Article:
Now that Sam & Max has finally been confirmed for Wii, the ladies and gentlemen at Telltale Games were more than happy to sit down and talk to us about bringing the crime fighters to Nintendo's console.
To find out what was in store for the duo, whether this will alter future PC releases and where the series is going, we spoke to Emily Morganti and Dave Grossman.
Now that Sam & Max are coming to Wii, is there a possibility of simultaneous releases for future episodes?
Emily Morganti: Probably not. Sam & Max was originally conceived as a game that users would download over the internet, and we made some big decisions based on what we thought would be a reasonable download size for a PC game.
Nintendo's WiiWare service is going to be great and we're excited to be making our new Strong Bad games for WiiWare, but at this point trying to shoehorn Sam & Max into the WiiWare specs would be difficult.
We're better off keeping Sam & Max as PC downloads, and then collecting the episodes into a retail package for Wii users at the end of a season.
Telltale is one of the few developers which has managed to deliver on the promise of frequent episodic content. What do you attribute your success to?
Morganti: From the very beginning, Telltale was built for episodic delivery. It's what our founders wanted the company to do, and pretty much every decision they've made has been in the interest of episodic development.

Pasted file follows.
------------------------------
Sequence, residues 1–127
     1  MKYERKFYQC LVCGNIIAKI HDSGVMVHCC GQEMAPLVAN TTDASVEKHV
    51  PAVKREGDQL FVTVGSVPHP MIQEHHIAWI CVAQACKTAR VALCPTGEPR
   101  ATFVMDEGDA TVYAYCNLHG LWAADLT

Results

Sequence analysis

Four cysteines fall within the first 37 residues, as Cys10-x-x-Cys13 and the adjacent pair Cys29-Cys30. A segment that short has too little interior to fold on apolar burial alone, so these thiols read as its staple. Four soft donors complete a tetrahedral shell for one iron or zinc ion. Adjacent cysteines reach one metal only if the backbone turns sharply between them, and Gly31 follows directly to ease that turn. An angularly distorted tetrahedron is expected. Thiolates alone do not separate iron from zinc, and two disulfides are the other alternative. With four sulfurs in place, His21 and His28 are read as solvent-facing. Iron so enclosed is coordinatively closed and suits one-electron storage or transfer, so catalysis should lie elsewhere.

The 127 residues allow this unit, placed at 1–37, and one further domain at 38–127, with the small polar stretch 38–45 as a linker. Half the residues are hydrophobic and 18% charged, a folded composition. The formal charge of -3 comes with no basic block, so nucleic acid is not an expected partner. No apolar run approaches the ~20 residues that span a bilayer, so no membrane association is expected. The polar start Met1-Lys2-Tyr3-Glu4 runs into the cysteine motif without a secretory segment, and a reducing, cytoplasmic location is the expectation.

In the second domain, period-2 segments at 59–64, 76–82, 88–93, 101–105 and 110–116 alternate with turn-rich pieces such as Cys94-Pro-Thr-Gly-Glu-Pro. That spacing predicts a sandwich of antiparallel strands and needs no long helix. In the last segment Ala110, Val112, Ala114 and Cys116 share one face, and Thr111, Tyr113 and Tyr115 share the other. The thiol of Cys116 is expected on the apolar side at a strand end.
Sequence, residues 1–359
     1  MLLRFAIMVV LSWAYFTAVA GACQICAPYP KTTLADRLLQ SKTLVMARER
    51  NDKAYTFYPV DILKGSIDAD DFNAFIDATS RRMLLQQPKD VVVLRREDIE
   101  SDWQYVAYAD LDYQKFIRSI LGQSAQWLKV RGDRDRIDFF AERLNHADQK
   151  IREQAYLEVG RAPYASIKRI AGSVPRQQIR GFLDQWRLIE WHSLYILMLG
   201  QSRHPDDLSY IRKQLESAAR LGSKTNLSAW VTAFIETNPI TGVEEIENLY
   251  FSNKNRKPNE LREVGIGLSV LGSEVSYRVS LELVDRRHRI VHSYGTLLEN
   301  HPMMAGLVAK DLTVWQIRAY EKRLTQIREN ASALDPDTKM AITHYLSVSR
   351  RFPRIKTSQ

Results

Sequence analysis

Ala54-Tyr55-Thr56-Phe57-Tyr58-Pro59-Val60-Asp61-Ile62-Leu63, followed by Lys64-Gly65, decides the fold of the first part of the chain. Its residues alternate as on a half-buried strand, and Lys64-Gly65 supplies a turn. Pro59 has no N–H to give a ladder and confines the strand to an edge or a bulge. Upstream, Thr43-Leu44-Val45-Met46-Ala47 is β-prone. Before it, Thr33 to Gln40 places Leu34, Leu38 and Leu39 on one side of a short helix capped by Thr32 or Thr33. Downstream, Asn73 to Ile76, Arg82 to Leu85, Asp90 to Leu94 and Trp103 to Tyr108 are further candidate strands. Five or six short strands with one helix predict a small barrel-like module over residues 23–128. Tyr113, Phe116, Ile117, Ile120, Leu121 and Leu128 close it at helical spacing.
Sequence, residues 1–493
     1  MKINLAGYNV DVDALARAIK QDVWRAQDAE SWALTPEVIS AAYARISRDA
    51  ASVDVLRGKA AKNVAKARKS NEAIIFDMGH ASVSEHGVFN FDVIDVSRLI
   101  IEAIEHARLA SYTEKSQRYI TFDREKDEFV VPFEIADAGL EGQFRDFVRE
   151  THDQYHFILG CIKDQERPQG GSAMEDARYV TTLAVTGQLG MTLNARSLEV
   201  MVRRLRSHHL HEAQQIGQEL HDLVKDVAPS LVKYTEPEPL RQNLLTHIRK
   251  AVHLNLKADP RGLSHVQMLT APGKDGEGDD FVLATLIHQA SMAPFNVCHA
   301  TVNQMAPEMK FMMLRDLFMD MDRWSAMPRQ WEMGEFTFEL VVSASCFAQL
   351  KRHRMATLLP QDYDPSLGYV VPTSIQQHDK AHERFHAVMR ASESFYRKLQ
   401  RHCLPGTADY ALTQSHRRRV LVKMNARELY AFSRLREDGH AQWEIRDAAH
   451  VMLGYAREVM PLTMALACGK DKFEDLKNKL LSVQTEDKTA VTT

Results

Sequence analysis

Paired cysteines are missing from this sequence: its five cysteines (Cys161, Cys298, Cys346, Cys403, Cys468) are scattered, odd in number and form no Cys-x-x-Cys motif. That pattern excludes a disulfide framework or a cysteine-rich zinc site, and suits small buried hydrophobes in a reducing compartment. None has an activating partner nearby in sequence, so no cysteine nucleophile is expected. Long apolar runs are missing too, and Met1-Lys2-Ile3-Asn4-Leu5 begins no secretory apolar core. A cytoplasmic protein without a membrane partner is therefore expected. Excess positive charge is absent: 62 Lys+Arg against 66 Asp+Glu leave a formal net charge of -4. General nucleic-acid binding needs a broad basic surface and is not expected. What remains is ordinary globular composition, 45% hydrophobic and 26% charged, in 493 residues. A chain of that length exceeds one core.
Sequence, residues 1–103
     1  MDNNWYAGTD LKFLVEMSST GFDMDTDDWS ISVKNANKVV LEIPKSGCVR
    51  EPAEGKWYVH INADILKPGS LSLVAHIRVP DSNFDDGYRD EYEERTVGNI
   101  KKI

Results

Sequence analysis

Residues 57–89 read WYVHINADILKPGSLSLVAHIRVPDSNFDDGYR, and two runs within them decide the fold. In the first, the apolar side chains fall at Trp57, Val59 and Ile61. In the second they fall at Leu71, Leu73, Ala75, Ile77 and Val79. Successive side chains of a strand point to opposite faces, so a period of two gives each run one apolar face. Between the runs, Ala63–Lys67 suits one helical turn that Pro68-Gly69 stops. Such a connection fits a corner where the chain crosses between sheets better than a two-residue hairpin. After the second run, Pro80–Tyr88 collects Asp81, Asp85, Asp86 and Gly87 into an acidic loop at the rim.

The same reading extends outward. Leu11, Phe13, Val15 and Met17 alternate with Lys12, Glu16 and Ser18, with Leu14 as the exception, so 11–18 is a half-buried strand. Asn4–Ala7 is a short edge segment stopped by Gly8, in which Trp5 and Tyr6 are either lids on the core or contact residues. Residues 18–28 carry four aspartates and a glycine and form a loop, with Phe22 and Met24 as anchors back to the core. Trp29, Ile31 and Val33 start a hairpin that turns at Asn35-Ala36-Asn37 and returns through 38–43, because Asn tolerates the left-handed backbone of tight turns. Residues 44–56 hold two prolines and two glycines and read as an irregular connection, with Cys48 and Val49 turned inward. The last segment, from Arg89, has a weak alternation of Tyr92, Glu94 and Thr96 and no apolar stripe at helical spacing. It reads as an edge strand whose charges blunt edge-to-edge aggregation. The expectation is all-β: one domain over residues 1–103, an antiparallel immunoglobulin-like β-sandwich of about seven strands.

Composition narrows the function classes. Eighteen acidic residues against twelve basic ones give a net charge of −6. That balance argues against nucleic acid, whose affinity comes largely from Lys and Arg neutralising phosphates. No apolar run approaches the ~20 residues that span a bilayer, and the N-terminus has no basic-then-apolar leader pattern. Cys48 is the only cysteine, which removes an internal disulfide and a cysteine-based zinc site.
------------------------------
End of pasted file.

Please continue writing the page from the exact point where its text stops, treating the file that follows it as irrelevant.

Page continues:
Our tools, our development processes, the licenses we've chosen - they're all what they are because we thought they would work well for episodic gaming.
Wii seems suited to adventure games, but hasn't really had a breakout title. Why do you think that is?
Morganti: The Wii is a new platform that allows for different types of gameplay than other consoles have, and it's taking time for designers to figure out how to use it best.
When the Wii first came out, there were tons of people saying it's the perfect platform for adventure games, but it was around for a year before any adventure games started coming out for it, and there have only been a few so far. I think developers need time to ramp up.
Another reason could be that most of the companies making adventure games are pretty small studios. I'm sure that impacts their ability to develop for the Wii. (Hopefully WiiWare will help change this!)
As far as Telltale goes, we got into Wii development kind of by accident. We knew we wanted to do it, but there were so many other things going on that we couldn't make it a focus yet.
Last year, we were developing CSI: Hard Evidence for the PC, and Ubisoft asked us if we could develop it for Wii and Xbox 360 as well. This led us to expand our development tools to work on those platforms, and now we have the freedom to develop our own Wii games and to bring our already-released games to the Wii platform.
Console development was always an initiative for Telltale, but we might not have moved into it when we did if not for this opportunity.
How much extra stuff (commentaries, behind-the-scenes, machinima shorts) can we expect to see in the boxed Wii release?
Morganti: We're planning to include a couple of the bonuses that were included in the retail PC version, but for this release, bonus content isn't really our focus.
We're putting our energy into making Sam & Max work really well on the Wii, because at the end of the day people are going to buy it for the game, not for the extras.